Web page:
The Ultimate NCLEX Checklist for Nursing Students
As if there's not enough on your plate as a nursing student, beginning to prepare for your NCLEX is, unfortunately, another important task on the ever-growing to-do list. So, whether you've just completed your first day as a nursing school student or are in your final semester, this guide will hopefully bring you some clarity and guidance as to where to begin and what steps to take as you gear up to sit for your board exam. Let's take a look at some key actions:
1. Get organized
Whether it's your first or last day of nursing school, you will soon realize the importance of organization in order to make the most of your precious time. Utilizing a calendar or planner can be a helpful resource to assist in staying on track and fitting in blocks of time where you can unplug from your studies and give your brain a deserved rest. This is not a time in your life that you want to attempt to "wing it." Instead, be mindful of what you are doing each day and how the actions you choose are getting you closer to your end goal of passing the NCLEX. Do what works best for you, but I like to recommend taking a bit of time before the beginning of each week to pencil in what your upcoming days look like, what areas you'd like to focus on, where you will invest time to study, and where you have time to dedicate to yourself outside of school. Getting into a habit like this will help to prepare you for your time as a student-and additionally, for when your sole focus is NCLEX preparation. Getting organized and planning out your life may seem tedious, but it will benefit you in the long run!
2. Invest in a review book or course
It's never too early to start thinking ahead about what type of resources you want to use for your upcoming board review. Purchasing one early on can also assist your study sessions as a student, given the content you learn in nursing school will return on your NCLEX. If funds are tight or you want to wait to utilize a course until after the completion of nursing school, books can also be a great tool for study purposes and once again, can be used simultaneously for studying for current exams and the upcoming boards.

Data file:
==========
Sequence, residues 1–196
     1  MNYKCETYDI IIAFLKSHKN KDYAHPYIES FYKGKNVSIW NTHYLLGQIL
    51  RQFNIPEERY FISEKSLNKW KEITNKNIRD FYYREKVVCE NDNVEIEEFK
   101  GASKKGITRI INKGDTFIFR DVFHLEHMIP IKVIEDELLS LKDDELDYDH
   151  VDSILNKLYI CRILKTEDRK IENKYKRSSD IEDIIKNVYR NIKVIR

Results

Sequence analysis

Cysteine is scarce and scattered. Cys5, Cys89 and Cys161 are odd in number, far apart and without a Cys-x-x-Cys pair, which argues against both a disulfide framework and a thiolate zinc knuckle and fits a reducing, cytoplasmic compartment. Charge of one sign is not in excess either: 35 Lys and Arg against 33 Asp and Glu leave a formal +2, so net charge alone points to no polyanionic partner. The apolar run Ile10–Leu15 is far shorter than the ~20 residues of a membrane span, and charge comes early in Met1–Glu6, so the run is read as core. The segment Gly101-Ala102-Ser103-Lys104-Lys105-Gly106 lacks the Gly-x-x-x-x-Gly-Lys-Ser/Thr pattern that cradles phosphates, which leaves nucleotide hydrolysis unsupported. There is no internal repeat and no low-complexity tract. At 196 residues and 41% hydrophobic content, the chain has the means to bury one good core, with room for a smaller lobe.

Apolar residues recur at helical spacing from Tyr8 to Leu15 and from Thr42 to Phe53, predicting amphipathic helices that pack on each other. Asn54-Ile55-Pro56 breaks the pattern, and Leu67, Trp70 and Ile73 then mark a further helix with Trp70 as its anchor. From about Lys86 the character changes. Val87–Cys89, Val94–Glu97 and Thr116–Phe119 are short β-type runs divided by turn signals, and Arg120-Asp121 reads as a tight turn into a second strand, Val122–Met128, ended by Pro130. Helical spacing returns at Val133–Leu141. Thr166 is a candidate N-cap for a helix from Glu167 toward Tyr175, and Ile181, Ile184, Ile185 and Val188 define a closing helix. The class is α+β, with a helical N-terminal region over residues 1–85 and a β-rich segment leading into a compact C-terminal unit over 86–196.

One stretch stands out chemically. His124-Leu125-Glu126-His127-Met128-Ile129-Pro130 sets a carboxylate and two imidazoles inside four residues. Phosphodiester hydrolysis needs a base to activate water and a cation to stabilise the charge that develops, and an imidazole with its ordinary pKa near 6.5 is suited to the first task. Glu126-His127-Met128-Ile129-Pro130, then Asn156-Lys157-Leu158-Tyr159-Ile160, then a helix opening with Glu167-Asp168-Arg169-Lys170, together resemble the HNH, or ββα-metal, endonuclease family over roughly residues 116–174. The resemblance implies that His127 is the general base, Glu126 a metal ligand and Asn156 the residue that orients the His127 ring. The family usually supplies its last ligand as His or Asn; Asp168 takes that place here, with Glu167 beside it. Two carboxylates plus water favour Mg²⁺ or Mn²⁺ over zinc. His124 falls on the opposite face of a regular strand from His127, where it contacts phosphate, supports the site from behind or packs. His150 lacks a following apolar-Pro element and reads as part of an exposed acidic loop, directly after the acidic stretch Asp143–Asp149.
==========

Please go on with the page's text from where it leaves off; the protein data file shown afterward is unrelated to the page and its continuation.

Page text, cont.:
Whatever you decide works best for you, be sure to remain consistent, and don't be afraid to try out a few things before making a purchase. Most libraries on school grounds house several of these review books and can be checked out before you decide to purchase on your own. Test the waters ahead of time and do your research to determine what will be a good fit.
3. Start studying as early as possible
Many students think that the NCLEX review starts after nursing school graduation. While there is no ultimate right or wrong way to study, looking over content early and often will set you up for a smoother transition following nursing school. If the thought of studying for nursing school exams and the NCLEX sounds overwhelming, just remember, any material you are tested on during school will most likely make another appearance on your boards, so no studying should ever go to waste! Think of it as two birds with one stone! The key is being sure you do not neglect content after being tested on it. That means you should still come back to the material you were tested on during your first semester, even if you are in your final semester of school. There's nothing off limits when it comes to the NCLEX, so make the most of your studying each and every time.
4. As soon as you are able, register for your NCLEX
When you reach your final semester of school, you will soon get to a point where you are able to register for your exam. Even if you don't feel ready, it is best to still register sooner rather than later. If you wait too long, you may end up procrastinating or having to choose a date that you did not initially want. Registering when you are eligible will give you the opportunity to choose a date that works well for you and most likely, the time of day that you prefer as well.
5. Practice questions
The bread and butter of preparing for your NCLEX is practice, practice, practice. As obvious as it sounds, many students spend way too much reviewing content but neglect to put what they know to the test by engaging in NCLEX practice questions. It is important to first study the material efficiently, but if you do not test yourself on the content, how will you know how much information you truly obtained? Review material, however, works best for you, and then take the time to put your knowledge to the test and take note of where your strengths and weaknesses are. This will help in gearing up for both your NCLEX and any nursing school exams that you have on the horizon. As mentioned earlier, be sure that you are returning to review past content, but also test yourself on said content to be sure you know how to apply what you have learned to various scenarios.